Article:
Delirium and Dementia


Cognitive-stimulation Therapy and Recreational Activities

Treatment Summary: Cognitive interventions are suggested for dementia as well as delirium superimposed on dementia, such as cognitive-stimulation therapy for Alzheimer's disease. This involves guided practice in various areas of cognition. Some of these areas of cognition include participation in recreational activities. Some of these activities include participating in board games with other elderly patients, playing musical instruments, and dancing. In a case study, a woman was prescribed a game of hangman, coming up with words that fit into the category of 'type of card game', such as poker, solitaire, bridge, and pinochle, searching a picture for different baking instruments, such as a mixer, spatula, spoon, and measuring cup, and four-corners bingo. Her activities were limited to 30 minutes daily to prevent fatigue. Results: The benefits from these activities include their building cognitive-reserve capacity, maintaining functioning, and reducing excess disability. Other studies showed that recall of remote memories occurred. These activities will also help to capture that person's attention and engage them for longer periods of time than activities that are not suited to their particular interests. Individuals who participate in these activities are shown to experience less cognitive decline and a quicker return to normal activities than they would show without these activities. This therapy also offers multi-domain cognitive activities that are shown to produce larger and more significant results than single-domain cognitive activities. These activities are also less stressful to these elderly adults.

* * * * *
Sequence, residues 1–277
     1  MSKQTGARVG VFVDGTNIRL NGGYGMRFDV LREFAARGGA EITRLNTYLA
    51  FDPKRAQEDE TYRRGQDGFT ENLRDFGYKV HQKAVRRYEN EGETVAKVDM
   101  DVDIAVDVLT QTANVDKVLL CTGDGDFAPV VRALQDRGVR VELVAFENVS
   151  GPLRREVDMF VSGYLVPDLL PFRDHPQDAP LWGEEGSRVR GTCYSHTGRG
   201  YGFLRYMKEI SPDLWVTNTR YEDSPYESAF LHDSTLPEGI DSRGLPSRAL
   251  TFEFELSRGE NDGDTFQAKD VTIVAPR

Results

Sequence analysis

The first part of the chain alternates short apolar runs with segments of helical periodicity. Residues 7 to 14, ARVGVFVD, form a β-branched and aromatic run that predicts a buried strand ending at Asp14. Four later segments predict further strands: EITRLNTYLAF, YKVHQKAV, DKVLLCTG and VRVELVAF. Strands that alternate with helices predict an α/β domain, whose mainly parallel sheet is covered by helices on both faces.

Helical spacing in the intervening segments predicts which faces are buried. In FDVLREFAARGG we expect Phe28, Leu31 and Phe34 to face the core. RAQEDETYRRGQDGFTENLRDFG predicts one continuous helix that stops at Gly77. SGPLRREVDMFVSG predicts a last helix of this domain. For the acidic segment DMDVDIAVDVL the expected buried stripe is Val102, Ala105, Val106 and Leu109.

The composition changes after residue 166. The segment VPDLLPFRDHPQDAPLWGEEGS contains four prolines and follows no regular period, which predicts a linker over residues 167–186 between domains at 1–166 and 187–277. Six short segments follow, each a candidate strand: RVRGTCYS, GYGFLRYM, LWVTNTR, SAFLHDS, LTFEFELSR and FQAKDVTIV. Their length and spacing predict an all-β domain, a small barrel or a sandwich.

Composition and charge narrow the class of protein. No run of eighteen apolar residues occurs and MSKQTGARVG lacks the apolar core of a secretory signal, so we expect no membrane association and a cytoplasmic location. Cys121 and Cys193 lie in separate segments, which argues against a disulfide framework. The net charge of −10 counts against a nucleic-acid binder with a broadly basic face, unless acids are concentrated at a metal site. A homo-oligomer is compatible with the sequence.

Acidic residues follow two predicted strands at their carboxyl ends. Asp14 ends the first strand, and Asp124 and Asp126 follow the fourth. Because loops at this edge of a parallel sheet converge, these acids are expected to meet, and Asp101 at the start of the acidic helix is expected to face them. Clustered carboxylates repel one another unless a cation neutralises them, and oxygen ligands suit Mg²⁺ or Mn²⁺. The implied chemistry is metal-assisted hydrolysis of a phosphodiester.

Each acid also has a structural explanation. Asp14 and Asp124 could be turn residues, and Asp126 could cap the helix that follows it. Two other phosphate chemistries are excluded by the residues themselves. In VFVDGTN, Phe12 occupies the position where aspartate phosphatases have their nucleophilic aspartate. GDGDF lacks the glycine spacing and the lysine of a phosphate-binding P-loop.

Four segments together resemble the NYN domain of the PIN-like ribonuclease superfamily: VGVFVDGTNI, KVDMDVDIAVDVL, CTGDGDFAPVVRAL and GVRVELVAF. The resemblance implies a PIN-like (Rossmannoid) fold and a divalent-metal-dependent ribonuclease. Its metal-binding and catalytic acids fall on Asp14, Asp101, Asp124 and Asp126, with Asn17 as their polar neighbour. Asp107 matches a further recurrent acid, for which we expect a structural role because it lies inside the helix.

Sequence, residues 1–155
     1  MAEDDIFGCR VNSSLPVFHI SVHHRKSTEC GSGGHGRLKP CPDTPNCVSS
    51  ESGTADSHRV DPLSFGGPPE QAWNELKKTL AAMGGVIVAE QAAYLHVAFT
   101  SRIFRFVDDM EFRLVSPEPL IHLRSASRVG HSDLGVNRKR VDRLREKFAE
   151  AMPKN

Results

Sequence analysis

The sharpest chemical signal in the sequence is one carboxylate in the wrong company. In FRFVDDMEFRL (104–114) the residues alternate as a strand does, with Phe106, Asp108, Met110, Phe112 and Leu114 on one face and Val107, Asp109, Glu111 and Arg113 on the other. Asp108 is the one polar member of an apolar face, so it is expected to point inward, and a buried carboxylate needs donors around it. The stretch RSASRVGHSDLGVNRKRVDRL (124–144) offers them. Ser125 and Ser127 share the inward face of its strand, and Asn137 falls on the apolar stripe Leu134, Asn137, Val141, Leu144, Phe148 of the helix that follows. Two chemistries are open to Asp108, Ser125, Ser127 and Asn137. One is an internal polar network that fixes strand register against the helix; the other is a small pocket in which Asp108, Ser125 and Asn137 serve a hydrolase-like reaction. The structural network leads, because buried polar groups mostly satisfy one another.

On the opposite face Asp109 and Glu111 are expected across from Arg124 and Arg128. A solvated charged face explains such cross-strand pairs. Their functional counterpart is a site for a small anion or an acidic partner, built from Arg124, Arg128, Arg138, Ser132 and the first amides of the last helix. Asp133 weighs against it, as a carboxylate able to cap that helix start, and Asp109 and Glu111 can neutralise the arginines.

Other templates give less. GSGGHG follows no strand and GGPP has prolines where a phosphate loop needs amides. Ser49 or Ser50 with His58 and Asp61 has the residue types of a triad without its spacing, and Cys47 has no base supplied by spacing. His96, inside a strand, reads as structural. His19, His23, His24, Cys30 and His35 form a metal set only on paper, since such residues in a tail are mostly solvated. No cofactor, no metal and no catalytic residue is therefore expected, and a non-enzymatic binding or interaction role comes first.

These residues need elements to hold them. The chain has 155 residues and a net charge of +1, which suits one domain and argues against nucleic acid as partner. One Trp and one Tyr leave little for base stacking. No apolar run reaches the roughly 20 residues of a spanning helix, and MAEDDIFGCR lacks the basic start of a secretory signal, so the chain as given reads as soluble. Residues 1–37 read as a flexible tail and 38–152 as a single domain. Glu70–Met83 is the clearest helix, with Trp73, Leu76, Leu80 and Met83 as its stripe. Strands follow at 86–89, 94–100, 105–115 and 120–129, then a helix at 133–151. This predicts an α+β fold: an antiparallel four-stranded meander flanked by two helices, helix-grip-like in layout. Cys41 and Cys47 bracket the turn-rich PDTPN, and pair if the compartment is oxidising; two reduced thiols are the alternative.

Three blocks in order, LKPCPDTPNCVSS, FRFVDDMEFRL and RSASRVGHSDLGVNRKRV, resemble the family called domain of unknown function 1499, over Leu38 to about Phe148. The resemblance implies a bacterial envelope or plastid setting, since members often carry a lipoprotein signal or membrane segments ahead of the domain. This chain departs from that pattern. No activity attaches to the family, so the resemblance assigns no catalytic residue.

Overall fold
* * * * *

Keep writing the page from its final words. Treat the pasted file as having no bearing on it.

• Reference: Kolanowski, A. M., Fick, D. M., Clare, L., Therrien, B., & Gill, D. J. (2010). An intervention for delirium superimposed on dementia based on cognitive reserve theory. Aging & Mental Health, 14(2), 232-242. doi:10.1080/13607860903167853
  • Submitter: Michæl Gunter
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